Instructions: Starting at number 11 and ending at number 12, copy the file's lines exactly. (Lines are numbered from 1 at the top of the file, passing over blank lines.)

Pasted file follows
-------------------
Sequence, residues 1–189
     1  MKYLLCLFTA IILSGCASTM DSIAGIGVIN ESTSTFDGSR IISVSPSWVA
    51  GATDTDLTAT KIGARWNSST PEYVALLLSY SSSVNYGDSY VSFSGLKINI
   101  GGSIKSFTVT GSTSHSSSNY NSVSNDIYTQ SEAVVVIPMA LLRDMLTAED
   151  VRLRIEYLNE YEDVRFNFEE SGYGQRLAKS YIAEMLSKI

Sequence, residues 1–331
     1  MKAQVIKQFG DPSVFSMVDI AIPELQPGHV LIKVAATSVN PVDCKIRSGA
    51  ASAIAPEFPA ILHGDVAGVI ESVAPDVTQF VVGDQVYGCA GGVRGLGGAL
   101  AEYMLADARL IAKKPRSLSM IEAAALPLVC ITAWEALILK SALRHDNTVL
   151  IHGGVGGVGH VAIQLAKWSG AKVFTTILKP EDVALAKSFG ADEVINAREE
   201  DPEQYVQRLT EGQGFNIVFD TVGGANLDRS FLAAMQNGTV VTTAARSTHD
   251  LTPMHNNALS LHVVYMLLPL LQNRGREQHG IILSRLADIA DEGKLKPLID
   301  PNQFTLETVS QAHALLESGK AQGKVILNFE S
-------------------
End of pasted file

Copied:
   201  DPEQYVQRLT EGQGFNIVFD TVGGANLDRS FLAAMQNGTV VTTAARSTHD
   251  LTPMHNNALS LHVVYMLLPL LQNRGREQHG IILSRLADIA DEGKLKPLID